The Tommy DeVito hype cools: DeVito led the Giants to three straight wins, but actually faced a defense that ranked in the top half of the league in yards per game allowed and in the top 15 in points per game allowed. DeVito was poor in the loss, going 20 of 34 for 177 yards and a 72.8 passer rating. Through the first three quarters, DeVito was 9 of 18 for 73 yards (60.6 rating) while being sacked five times as the Giants had just 101 yards of offense. DeVito has been fun to watch, but he's certainly limited in his footwork and reading a defense consistently. The Saints defense showcased how he can grow and improve going forward. 

New York Jets

Robert Saleh may not be back: How many times can the Jets get embarrassed? Sunday was the 12th game with zero touchdowns under Saleh -- four more than any other team since he became the head coach in 2021 (only John McKay has more, and he coached the expansion Tampa Bay Buccaneers in 1976). The offense had just 103 yards and averaged 1.9 yards per play with four giveaways while the defense was torched against a depleted Dolphins offense. Saleh has been on the hot seat for a while now, but the seat is getting warmer by the week. Aaron Rodgers shouldn't save it either. 

Philadelphia Eagles

James Bradberry may be cooked: Giving up the game-winning touchdown pass to Jaxon Smith-Njigba was just another sign of how poor Bradberry has been in coverage this year. Drew Lock was 7 of 8 for 116 yards with a touchdown when targeting Bradberry (118.8 rating). The Seahawks were targeting Bradberry over rookies Kelee Ringo and Eli Ricks, showcasing the major weakness in the Eagles secondary. Bradberry has allowed nine touchdown passes and has just one interception, with a 90.5 passer rating in coverage. Those numbers are abysmal and the Eagles can justify benching him. 

Pittsburgh Steelers

Jaylen Warren is not used enough: The Steelers may have been blown out by the Colts, but it wasn't like they were down double digits the entire game. Pittsburgh was up 13-0 early and only trailed 21-13 after the Colts' first possession in the third. Warren -- the team's best running back -- finished with just 10 carries for 40 yards and had 15 touches on the day (68 yards from scrimmage). For an offense that's struggling to move the ball, getting it to a dynamic player in space would be beneficial toward scoring points. The Steelers just look hapless and dazed on offense, not getting the ball to players who can move the chains. Warren included. 

San Francisco 49ers

Shoulder injury doesn't affect Brock Purdy: The 49ers quarterback took a hard hit in the second quarter that involved leaving the game for a few plays before being diagnosed with a left shoulder stinger. The injury didn't seem to affect Purdy, who threw for three touchdowns after returning from the medical tent. Purdy didn't throw much in the second half despite the 49ers only being up eight at halftime. He went 4 of 8 for 117 yards with two touchdowns and no interceptions in the second half and a 135.4 passer rating. The 49ers limited Purdy after halftime, but he still found Christian McCaffrey and Deebo Samuel for big plays and touchdowns. Let's see how Purdy progresses this week.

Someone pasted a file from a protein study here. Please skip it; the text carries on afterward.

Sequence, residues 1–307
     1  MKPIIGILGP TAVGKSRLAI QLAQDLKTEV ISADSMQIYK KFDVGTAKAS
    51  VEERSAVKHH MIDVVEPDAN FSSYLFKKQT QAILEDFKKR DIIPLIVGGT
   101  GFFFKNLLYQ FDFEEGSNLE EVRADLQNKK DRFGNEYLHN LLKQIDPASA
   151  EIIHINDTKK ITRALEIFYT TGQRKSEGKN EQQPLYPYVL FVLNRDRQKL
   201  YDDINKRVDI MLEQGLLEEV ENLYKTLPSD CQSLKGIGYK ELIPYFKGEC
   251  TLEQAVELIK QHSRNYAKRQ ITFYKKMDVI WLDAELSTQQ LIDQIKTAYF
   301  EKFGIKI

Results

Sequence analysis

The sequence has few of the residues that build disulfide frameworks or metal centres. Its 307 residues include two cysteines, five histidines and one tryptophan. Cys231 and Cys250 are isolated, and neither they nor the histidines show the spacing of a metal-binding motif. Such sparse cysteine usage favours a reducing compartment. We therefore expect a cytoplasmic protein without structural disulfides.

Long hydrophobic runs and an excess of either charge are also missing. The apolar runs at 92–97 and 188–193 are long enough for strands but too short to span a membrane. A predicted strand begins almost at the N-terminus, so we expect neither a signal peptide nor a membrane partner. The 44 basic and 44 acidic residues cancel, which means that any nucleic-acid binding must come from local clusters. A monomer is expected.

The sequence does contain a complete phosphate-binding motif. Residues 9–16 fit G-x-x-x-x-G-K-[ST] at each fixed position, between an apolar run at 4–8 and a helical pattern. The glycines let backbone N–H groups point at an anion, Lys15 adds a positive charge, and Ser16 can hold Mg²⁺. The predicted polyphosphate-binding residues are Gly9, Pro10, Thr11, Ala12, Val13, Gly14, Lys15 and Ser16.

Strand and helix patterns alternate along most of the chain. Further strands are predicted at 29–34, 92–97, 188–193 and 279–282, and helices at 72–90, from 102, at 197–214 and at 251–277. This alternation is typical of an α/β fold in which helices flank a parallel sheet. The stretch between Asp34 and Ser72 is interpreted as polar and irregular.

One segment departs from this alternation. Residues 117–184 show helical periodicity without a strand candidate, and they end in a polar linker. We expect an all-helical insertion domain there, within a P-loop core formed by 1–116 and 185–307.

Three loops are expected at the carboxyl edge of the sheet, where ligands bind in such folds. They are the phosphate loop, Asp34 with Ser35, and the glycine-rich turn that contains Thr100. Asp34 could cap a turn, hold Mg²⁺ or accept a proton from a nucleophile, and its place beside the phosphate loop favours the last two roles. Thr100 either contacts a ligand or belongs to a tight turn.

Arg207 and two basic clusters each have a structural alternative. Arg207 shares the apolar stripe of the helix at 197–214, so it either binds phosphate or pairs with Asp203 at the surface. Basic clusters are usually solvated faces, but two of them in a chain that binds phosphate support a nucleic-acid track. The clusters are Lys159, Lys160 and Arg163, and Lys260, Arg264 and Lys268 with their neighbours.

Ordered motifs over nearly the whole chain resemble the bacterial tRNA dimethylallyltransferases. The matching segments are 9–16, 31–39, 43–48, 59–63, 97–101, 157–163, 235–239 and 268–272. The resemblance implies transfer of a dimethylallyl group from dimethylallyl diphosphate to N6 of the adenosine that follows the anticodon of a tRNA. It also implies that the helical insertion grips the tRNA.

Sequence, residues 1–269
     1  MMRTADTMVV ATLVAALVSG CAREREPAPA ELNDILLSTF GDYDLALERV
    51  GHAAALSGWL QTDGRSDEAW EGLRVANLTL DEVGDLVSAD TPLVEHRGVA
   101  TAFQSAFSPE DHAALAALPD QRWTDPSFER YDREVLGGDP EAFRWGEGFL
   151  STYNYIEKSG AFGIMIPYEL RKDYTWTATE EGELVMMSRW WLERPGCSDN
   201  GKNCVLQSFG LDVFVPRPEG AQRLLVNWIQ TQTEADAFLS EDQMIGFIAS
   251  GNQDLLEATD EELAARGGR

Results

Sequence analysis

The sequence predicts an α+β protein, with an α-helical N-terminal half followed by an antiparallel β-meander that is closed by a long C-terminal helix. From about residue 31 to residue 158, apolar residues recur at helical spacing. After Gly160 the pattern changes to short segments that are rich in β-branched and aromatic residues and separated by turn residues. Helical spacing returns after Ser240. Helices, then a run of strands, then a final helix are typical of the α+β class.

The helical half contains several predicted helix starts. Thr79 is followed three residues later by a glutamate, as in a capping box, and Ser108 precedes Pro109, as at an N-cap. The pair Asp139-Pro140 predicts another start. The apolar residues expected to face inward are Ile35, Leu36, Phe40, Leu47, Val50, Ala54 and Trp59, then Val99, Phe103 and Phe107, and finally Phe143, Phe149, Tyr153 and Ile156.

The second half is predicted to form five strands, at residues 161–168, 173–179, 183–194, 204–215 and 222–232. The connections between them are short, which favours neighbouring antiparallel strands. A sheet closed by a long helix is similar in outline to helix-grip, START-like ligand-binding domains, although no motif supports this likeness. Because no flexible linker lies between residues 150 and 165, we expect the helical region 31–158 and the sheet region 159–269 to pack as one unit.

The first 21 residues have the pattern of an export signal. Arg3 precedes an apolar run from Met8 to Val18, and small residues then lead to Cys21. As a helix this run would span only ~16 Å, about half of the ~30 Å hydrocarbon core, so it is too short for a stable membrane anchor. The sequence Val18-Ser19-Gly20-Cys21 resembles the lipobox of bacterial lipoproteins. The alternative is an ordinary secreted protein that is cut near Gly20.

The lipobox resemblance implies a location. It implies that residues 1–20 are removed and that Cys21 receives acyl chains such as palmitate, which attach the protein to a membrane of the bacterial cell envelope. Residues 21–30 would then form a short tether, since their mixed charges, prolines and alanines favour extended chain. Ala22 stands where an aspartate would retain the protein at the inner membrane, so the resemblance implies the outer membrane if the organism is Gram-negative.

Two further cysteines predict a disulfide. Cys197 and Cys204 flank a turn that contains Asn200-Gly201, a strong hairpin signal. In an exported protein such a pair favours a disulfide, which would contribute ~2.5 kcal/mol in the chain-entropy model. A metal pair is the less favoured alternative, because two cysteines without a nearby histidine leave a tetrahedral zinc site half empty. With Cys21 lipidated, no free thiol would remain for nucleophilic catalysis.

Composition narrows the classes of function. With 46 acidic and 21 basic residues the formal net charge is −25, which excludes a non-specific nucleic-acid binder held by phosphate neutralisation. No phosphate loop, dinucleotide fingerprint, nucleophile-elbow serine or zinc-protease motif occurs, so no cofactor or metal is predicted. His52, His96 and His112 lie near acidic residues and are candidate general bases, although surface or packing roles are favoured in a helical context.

Seattle Seahawks

Drew Lock made the throws when he had to make them: Lock's overall numbers weren't great (22 of 33, 208 yards, touchdown, 94.0 rating), but he was clutch in plenty of situations to get the Seahawks the win. Lock went 4 of 4 for 88 yards and a touchdown on third-and-10 and 5 of 10 for 92 yards on the game-winning drive that took 1:24 for Seattle to move down the field in the final two minutes. Lock had a 155.7 passer rating on third down and a 106.8 passer rating in the fourth quarter. Lock made the clutch throws and gave Seattle a much-needed win. They can win a game he starts. 

Tampa Bay Buccaneers

Chris Godwin finally got going: Whether it was facing a Packers secondary without Jaire Alexander or Darnell Savage, Godwin was able to have a huge game and catapult the Buccaneers offense. Godwin finished with 10 catches for 155 yards in the win, notching his first 100-yard game of the season. Godwin had more receiving yards on Sunday (155) than he did over the past four games (137). He still has 68 catches for 814 yards on the year, but only one touchdown. That's the next aspect of his game the Buccaneers have to get going. 

Tennessee Titans

Derrick Henry's days may be numbered: Henry alluded to such after Sunday's performance once the Titans were eliminated from postseason contention, after arguably a carer-worst performance. Henry finished with 16 carries for 9 yards and four catches for 1 yard -- that's 20 touches for 10 yards for those counting. Henry had the fewest scrimmage yards in a game since 1950 for any player who had 20 touches or more. He's the first player to have 20 touches and fewer than 15 scrimmage yards in a game, averaging 0.5 yards per touch. Turning 30 in January and the Titans in the midst of a rebuild, these final three games appear to be Henry's last in Tennessee. 

Washington Commanders

Does Jacoby Brissett get a chance to start?: Brissett gave the Commanders signs of life on Sunday after replacing Sam Howell early in the fourth quarter. Howell threw his league-leading 15th interception prior do being replaced for Brissett, who went 8 of 10 for 124 yards and two touchdowns (157.9 rating) in his two drives. The game was closer than it should have been because of Brissett, who outperformed Howell's total passing yards for the game (102) in a quarter. Howell has six interceptions in his last four games two just two touchdowns, a passer rating of only 62.0 -- the worst among 28 qualified quarterbacks (100 pass attempts). Will the Commanders sit Howell? They have an interesting decision looming.